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  1. A power distribution network would be difficult to represent as a hierarchical structure, since the power-generating stations and supply substations may be cross-connected in a number of ways, rather than there being predecessor and successor installations. A node in a tree structure may have only one 'parent' node, but an electricity substation may receive power via one or more routes. The installations may be represented by a graph's vertices, with the connecting cables as the edges of the graph. The linkage between installations might be uni- or bidirectional, with the edge weightings corresponding to the power transmission capacity of the network's various cables.

  2. See discussion in the text.

  3. Contents of the adjacency matrix:

        Vertex[0] = "Sleepytown";
        Vertex[1] = "Much Snoring";
        Vertex[2] = "Great Snoring";
        Vertex[3] = "Little Snoring";
        Vertex[4] = "Lesser Snoring";
        Vertex[5] = "Snoring on Sea";
        Vertex[6] = "Snoring on the Hill";
        Edge[0][1] = 50;  // Sleepytown to Much Snoring
        Edge[1][0] = 50;  // Much Snoring to Sleepytown
        Edge[1][2] = 150; // Much Snoring to Great Snoring
        Edge[2][1] = 150; // Great Snoring to Much Snoring
        Edge[3][1] = 80;  // Little Snoring to Much Snoring
        Edge[2][3] = 180; // Great Snoring to Little Snoring
        Edge[2][6] = 150; // Great Snoring to Snoring on the Hill
        Edge[2][5] = 200; // Great Snoring to Snoring by Sea
        Edge[5][2] = 200; // Snoring on Sea to Great Snoring
        Edge[6][4] = 50;  // Snoring on the Hill to Lesser Snoring
        Edge[4][2] = 180; // Lesser Snoring to Great Snoring

    Breadth-first using Queue
    From Sleepytown: queue holds 0
    Dequeue: Enqueue 1: Dequeue: Enqueue 2: Dequeue:
    Enqueue 3 5 6:  Dequeue all: Enqueue 4: Dequeue
    Traversal: 0 1 2 3 5 6 4:
    Sleepytown -  Much  - Great - Little - Snoring on Sea -  Snoring on the Hill - Lesser Snoring
    Depth-first using Stack
    From Sleepytown: stack holds 0
    Pop, push 1: pop: push 2: pop: push 3 5 6 : pop 6: push 4: pop 4: pop 5: pop 3
    Traversal: 0 1 2 6 4 5 3
    Sleepytown - Much -Great - Snoring on the Hill - Lesser -Snoring on Sea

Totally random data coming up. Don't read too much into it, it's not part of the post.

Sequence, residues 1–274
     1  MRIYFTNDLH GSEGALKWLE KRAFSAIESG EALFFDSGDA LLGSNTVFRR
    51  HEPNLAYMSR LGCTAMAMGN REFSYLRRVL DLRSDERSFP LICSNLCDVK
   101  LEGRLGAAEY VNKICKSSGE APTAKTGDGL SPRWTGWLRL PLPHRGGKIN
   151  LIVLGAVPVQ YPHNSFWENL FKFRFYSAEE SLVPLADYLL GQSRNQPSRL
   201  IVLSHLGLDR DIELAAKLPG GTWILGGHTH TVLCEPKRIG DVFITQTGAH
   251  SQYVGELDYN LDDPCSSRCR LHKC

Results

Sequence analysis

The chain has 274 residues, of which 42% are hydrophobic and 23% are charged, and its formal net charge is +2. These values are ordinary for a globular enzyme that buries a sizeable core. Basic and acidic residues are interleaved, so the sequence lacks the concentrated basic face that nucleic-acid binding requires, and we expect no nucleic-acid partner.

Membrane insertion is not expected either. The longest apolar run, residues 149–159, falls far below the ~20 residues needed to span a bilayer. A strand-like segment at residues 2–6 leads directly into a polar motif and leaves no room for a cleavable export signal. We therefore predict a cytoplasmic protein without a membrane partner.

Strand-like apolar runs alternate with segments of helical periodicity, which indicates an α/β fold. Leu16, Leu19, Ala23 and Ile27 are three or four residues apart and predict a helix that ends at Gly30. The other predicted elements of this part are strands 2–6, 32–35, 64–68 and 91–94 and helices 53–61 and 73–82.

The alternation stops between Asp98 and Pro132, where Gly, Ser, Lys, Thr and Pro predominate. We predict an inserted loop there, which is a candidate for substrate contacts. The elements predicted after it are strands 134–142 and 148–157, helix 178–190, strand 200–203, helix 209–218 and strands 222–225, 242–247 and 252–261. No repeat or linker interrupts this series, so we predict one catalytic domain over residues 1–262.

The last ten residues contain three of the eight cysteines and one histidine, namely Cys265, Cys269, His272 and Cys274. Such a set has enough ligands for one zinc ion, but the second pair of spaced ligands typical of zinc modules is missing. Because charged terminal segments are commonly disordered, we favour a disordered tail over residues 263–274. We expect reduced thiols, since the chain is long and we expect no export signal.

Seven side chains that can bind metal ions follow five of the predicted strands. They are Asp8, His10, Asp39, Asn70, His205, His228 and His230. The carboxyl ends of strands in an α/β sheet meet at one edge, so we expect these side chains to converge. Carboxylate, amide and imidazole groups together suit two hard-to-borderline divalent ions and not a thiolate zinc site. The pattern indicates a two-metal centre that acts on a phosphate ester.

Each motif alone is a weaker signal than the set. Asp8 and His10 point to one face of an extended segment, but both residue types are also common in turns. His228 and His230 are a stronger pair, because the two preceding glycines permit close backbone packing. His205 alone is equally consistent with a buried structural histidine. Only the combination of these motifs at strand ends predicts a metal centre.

- Little Snoring

    1. If the flight from Great Snoring to Much Snoring is withdrawn, then row subscript 2 is affected. Edges[2][1] is changed from 150 to 0 as shown in bold in the following table:

    2. A return flight is introduced from Snoring on the Hill to Great Snoring, a distance of 150 miles. Since the starting point is Vertex[5] then Edges[5][2] is changed to 150.

  4. For explanations of terms, see Chapter 13 (Section 13.19). Application to the first exercise: It would help in planning routes for power lines and associated installations, depending upon terrain—flat, hilly, water crossing—and on costs of underground or overhead cabling.6.

    1. Use the example given in Chapter 13 (Section 13.17), and view the animated sequence in the Graphs presentation. Starting with A, note distances to node A neighbours. They are

      B (10) C (5). Mark A checked

      At C, get distances from A:

      E (14) F (8). C checked

      At B, distances from A:

      D (14) B checked

      Get distance via F: G - destination (16) F

      Distance via E: H (18) E

      Distance via D: H (21) – larger than via E, don't replace. D

      Distance via H: I(24) H

      Distance via I: G(29) – larger than via F, don't replace I

      All vertices are checked—shortest distances are shown. Path is A—C—F—G, and the shortest distance is 16.

    2. Use the same process for F to D with the result shown alongside. Path is F—C—A—B—D, and the shortest distance is 22

    1. Apply Kruskal's algorithm by creating an ordered list of edges and weightings:

      Construct the tree by adding edges, in the increasing order of weight (shown in bold lines in the following figure):

      Add to tree:






      omit B-E as this would produce a cycle


      All vertices are now connected.

    2. See example in Chapter 13 (Section 13.19). Apply Prim's algorithm by choosing a start point, and then its nearest neighbour.

      Start at C: Choose A, then B. Next nearest neighbour is E. Now F, G, D. Produces the same tree as Kruskal's algorithm.

  5. No solution given since this is a practical exercise.

  6. Major changes are required, including the following:

    An extra row and column must be added to the matrix, requiring redeclaration of the arrays Vertex as String[8], Edges as int[8][8] and Visited as boolean[8].

    Statements must be written so as to add values as follows (also Visited[7] = false):

    The traversal and search methods will need to be changed to take into account that the matrix now contains eight columns …

    for (int column = 0; column <  8 ; column++) {
               if (Edge[current][column] != 0 && !visited[column])

    … as will the method that displays the matrix contents:

    for (int i = 0; i <  8 ; i++) {
                for (int j = 0; j <  8 ; j++)
                    System.out.print(Edge[i][j] + " ");


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